Physics professor’s viral videos help inspire women to pursue science

According to the American Physical Society, a nonprofit organization based in Maryland, only a quarter of American graduates with bachelor’s degrees in physics are women. But Texas A&M University physics professor Dr. Tatiana Erokhimova is trying to change that with the help of social media.

Videos of his experiments have piqued people’s curiosity on TikTok, garnering millions of views over the past two years.

“You can’t explain much in these short clips, but … you can inspire,” he said.

Aafia Dhanani studied at Texas A&M University after seeing Erukhimova’s physics experiments online.

“Watching Dr. Tatiana do experiments online, especially since she was a female leader, was more inspiring for me to go into physics,” Dhanani said.

Erokhimova’s journey began thousands of miles away, about six hours northeast of Moscow, before the collapse of the Soviet Union. She grew up with two physicists as parents and later married a physicist, Alexey. He moved to College Station, Texas, where he serves as an educator.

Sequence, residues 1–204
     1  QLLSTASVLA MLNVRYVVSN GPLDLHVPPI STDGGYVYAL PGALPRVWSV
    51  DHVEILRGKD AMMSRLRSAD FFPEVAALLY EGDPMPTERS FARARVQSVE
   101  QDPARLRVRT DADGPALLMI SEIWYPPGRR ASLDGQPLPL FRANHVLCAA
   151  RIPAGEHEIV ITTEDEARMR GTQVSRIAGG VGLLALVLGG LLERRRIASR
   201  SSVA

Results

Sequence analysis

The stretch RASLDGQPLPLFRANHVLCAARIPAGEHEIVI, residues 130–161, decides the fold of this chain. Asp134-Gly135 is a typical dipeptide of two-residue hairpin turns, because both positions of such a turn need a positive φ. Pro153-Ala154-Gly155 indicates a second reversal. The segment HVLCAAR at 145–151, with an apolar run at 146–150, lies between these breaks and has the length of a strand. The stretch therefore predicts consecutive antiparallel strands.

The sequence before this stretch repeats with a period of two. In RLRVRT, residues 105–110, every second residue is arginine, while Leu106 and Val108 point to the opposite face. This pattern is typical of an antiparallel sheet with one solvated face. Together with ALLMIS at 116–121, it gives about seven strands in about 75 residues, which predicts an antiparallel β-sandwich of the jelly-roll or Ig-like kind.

“I didn’t feel like home. But you make it home,” Erokhimova said.

When she is not teaching, Erukhimova is involved in outreach. In 2021, she was involved in a study involving 10,000 students, physicists and other science professionals. Studies have shown that men are no more suited to physics than women – a message they use to this day.

“We collected midterm exams, final exams, final scores, final grade grades over 10 years. There was no consistent difference in male and female performance on these exam scores. And I found that my students’ has a very important message,” Erokhimova said.

Former student Nicole Sergioni praised Erokhimova’s enthusiasm and dedication to teaching, saying, “You can tell when a teacher wants to be somewhere else. But when you walk into Dr. Tatiana’s classroom, you You can tell she wants you to be there. She cares and wants you to learn, which makes you want to learn.”

Next up for Erokhimova is the “Physics and Engineering Festival” at A&M in April, an event that draws thousands to campus each year. The festival is open to everyone, and according to Erokhimova, you don’t have to be a scientist to celebrate science, just like you don’t have to be a musician to attend a music festival.

Erokhimova “always wanted everything to be like a celebration of science,” said former student Callie Reithmann.

“And I think his viral videos have really taken that celebration everywhere,” she said.

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